question about a particular technique

Discussion in 'Beyond the Basics' started by rebecca the curious, Aug 22, 2007.

  1. rebecca the curious

    rebecca the curious TPF Noob!

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  2. Digital Matt

    Digital Matt alter ego: Analog Matt

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    I think if you look at the pictures, the technique should be pretty obvious. The only light source is coming from behind the subject. The exposure is based off of the light behind the subject, and the foreground falls to black.
     
  3. rebecca the curious

    rebecca the curious TPF Noob!

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    yes i understand that. i've tried it a number of times, but i'm not getting that thin "glow' around the subject. i think maybe the sun has to be very low like in the late afternoon for it to work?
     
  4. sabbath999

    sabbath999 No longer a newbie, moving up!

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    You can do this with any strong sharp light. For sunlight, yes, it needs to be low. You could also use a remote flash or a bright spotlight to create the effect.
     
  5. drflet

    drflet TPF Noob!

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    Those look they were produced with an off-camera flash. It's a pretty easy technique - set the flash head behind the subject so they block most of the light. Adjust the intensity and zoom on the flash until you get the desired amount of "spill" from behind the subject.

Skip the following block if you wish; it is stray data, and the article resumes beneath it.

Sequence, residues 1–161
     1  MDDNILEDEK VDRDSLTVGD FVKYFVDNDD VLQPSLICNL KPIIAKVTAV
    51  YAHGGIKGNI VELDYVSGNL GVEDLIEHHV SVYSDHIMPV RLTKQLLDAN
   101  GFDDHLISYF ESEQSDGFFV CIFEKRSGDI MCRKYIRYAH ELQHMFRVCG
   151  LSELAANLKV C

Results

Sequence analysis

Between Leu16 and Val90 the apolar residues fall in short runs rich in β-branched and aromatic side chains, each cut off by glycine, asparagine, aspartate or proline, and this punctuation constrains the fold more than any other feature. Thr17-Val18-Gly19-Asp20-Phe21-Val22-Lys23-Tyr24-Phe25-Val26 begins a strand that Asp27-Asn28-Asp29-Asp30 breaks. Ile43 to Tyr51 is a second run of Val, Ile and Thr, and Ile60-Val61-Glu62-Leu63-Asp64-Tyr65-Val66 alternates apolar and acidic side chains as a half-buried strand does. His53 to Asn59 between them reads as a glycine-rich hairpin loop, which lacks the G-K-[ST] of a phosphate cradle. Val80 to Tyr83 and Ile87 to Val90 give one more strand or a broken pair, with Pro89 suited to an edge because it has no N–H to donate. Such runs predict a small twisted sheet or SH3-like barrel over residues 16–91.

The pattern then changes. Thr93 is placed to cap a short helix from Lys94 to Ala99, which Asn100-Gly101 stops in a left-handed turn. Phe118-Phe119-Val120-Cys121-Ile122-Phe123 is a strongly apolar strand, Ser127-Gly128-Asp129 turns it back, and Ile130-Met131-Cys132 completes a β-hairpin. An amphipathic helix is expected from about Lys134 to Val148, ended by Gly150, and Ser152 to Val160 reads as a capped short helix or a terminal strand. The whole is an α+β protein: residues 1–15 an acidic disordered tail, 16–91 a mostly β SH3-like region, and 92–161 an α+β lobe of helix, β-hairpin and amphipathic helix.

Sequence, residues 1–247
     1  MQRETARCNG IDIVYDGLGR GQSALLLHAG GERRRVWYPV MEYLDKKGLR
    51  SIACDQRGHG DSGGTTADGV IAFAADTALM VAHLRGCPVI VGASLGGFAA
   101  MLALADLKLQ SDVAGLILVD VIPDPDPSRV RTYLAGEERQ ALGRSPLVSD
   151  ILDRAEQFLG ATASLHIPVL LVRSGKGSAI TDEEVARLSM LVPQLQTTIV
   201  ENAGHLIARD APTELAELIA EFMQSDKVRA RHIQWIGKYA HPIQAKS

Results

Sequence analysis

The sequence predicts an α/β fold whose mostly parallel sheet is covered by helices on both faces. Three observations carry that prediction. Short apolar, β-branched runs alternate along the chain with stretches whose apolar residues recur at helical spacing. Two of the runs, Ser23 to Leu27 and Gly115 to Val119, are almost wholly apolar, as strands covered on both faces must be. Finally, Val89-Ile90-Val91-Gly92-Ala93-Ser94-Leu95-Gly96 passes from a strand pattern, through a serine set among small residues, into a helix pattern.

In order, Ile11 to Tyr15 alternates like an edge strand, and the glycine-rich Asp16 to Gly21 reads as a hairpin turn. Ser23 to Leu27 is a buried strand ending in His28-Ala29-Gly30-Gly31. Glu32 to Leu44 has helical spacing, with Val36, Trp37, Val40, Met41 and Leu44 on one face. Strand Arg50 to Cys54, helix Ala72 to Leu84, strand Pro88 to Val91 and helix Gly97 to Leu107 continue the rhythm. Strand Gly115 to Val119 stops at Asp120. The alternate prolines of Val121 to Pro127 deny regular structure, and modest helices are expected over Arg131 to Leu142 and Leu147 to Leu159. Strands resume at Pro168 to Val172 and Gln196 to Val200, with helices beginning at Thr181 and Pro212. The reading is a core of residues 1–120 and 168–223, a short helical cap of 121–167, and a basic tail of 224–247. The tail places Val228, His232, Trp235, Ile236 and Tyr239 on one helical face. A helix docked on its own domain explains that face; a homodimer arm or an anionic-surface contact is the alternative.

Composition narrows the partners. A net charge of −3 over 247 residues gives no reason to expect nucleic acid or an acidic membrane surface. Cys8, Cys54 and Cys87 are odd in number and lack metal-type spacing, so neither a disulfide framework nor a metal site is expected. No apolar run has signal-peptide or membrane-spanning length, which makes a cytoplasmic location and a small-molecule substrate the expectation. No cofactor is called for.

I think the technical term for it is rim lighting, but I may be wrong.
     
  6. rebecca the curious

    rebecca the curious TPF Noob!

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    thanks guys, that was helpful.

    drflet: i doubt that they used a flash behind the subject because they're both candid street shots. but good idea if in a studio setting.
     
  7. Jon, The Elder

    Jon, The Elder TPF Noob!

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    Thats what I've always known it as.
     
  8. Hertz van Rental

    Hertz van Rental TPF Noob!

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    Yes and no.
    A rim light is one you put behind a subject so the subject masks it and the light gives a 'halo' to the subject. And that is essentially what has been done in the first photo.
    The second is slightly different. The technique is called contre jour. The subject is between the camera and the sun. The effect is very similar the main difference being that rim light is produced with an artificial source and contre jour with a natural one.
    A subtle difference and I'm just being pedantic :mrgreen:
     

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